The Exhibition of the Two Holy Mosques
Architecture is in a tranquil setting nestled amid hills in Makkah's
quiet Umm Al-Jude area, not far from the Kiswa factory.
is situated at old makkah madina
highway towards hudaybia. Private taxis may carry you to this place .
you may see this exhibition and kiswa house where drapery of kaabah is
weaved and point of hudabiyya where the treaty of hudaybiya and
bait-ur-rizwan was taken place. Taxi drivers take 50 to 75 riyal for
It holds a magnificent array of items that
were part of the two Holy Harams in Makkah and Madinah at one time,
dating as far back as the 10th century Hijira.
Some of the main pieces are the
doors of the Ka'aba and the Holy Mosques in Makkah and Madinah, which
have been replaced during renovations and enhancements over the
According to Ibn Hisham, who quotes
Ibn Ishaq Al-Matlabi, the first person to make a door for the Ka'aba
was the Yemeni king, Tubba' the Third, who ruled long before the birth
of Prophet Muhammad (pbuh). A similar story is also told by Al-Azraqui
in 'Tariekh Al Ka 'aba Muazzama'. The same
book notes that when the Quraish were maintaining the Ka'aba they made
a door 11 cubits high with two shutters. (A cubit is an old measurement
equivalent to 40 centimetres). Ibn Al-Zubair also did the same.
Al-Hajjaj made a shorter door measuring six cubits and a span because
he raised the door from the ground.
Two Ka'aba doors were made during
Saudi rule. The first one was at the time of King Abdulaziz's rule in
1363H (1944). It was made of aluminium, buttressed by iron bars and was
2.5 centimetres thick and 3.1 metres high. The front side of the door
was covered with silver sheets and coated with gold, and decorated with
inscriptions of Allah's attributes.
While King Khalid bin Abdulaziz was
praying in the Ka'aba in 1393H, he saw some scratches on the door and
issued a directive to make the second door, the Bab Al-Tawba, from pure
gold. Bab Al-Tawba is at the northern side of the Ka'aba, and
through it one can get to the rooftop. The new door is made from the
same wood usually used for making the Ka'aba door.
\Circle in mutaf shows exact location of
zamzam burst out..This circle no more in mutaf but
museum has its' picture even today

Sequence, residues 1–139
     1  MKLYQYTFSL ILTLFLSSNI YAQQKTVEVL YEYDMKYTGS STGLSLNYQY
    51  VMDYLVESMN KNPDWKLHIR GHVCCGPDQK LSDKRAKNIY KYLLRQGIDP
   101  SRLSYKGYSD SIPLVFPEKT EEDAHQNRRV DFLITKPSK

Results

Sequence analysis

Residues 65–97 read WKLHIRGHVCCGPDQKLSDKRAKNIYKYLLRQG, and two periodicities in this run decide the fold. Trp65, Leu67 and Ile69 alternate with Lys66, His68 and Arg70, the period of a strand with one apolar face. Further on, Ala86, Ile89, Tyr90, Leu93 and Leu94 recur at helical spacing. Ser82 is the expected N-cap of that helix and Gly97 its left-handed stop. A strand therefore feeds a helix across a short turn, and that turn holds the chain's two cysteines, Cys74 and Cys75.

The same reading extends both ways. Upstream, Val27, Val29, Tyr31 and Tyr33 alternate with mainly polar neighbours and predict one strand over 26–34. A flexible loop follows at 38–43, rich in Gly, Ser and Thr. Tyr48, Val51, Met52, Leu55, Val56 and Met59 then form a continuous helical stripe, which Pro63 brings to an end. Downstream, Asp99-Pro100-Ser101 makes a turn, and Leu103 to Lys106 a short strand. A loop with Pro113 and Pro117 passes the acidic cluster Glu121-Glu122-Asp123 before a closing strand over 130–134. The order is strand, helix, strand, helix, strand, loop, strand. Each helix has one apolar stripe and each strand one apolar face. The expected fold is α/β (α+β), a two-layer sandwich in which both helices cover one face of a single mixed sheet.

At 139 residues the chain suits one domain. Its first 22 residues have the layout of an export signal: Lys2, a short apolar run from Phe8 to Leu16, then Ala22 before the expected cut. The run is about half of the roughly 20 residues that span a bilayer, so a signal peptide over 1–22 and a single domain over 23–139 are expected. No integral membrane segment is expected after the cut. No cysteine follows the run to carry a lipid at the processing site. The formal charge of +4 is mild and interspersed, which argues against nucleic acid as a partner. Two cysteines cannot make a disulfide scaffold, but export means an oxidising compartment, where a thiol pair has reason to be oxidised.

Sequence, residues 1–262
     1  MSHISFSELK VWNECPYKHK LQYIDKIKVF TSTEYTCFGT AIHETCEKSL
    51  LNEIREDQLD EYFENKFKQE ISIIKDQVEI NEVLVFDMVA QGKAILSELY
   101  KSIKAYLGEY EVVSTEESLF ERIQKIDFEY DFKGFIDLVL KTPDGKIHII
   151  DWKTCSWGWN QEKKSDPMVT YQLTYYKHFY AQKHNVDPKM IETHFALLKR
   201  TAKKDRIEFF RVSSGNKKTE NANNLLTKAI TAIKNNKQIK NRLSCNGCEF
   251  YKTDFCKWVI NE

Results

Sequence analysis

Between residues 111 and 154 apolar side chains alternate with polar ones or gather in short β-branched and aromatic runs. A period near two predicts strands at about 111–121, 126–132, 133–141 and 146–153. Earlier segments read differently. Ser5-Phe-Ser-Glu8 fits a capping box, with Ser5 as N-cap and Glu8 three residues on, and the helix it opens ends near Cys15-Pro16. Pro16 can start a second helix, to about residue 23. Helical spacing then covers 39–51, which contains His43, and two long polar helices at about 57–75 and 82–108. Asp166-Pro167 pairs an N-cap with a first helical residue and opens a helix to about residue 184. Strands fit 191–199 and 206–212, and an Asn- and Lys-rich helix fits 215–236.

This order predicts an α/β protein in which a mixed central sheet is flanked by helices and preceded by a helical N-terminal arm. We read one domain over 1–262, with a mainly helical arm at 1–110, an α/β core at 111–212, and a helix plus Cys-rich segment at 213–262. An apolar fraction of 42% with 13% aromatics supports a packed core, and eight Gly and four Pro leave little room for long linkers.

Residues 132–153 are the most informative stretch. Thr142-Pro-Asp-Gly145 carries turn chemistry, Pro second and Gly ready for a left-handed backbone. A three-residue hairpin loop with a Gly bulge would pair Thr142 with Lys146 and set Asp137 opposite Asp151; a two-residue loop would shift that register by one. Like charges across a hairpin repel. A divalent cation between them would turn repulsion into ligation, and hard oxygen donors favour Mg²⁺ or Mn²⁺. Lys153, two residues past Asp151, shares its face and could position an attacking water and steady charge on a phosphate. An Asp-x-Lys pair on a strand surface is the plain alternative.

The two doors cost SR 13,420 million, in
addition to the 280 kilograms of 99.9 per cent pure gold supplied by
the Saudi Arabian Monetary Agency. The work began in 1398H and was
finished within a year. The Custodian of the Two Holy Mosques, King
Fahd bin Abdulaziz, who was then Crown Prince, took a keen interest in
the project, ensuring that it was finished perfectly, and ahead of time.
The Ka'aba door is more than 3
metres high, nearly 2 metres wide and about half a metre in depth. It
has two shutters. The body of the door is 10 centimetres thick and is
made from a certain kind of teak wood called makamong. A special steel
frame was made to facilitate the process of mounting the door in place.
The door hinges, equipped with small wheels to facilitate movement,
were fitted to the frame, which is strong enough to bear 500 kilograms.
The door also has a new lock. It replaces the one made by Sultan Abdul
Hameed, but has the same specifation of pld one
Old ladder of holy kabbah
Old ladder of kabbah
old door of kabbah
old keies of kabbah
displayed at the exhibition include:
§ The door of the Holy Ka'aba
from 1363H, made on the orders of King Abdulaziz Al- Saud
§ The door of the Holy Ka'aba from 1045H, made in the era of
Sultan Murad Khan
§ A copper door of the Holy
Mosque dating back to the first Saudi expansion
§ A wooden door of the Holy
Mosque dating back to the early years of the 10th century Hijira
One of the doors of the
Prophet's Mosque from the reign of King Abdulaziz Al-Saud
§ A copper leaf-plated door of the pulpit of Sultan Sulaiman
bin Salim Khan in the Holy Mosque, which he ordered to be made in 966H
§ A copper pillar which used to
be one of the pillars around the mataf. This is from the first
Saudi expansion of the Holy Mosque
§ A marble arch façade
of one of the doors to the Holy Mosque from 984H
§ Lock and key of the Holy
Ka'aba 1309H, made during the reign of the Ottoman Sultan Abdul Hamid II
§ The door of the Ottoman
pulpit in the Prophet's Mosque which was made at the order of Sultan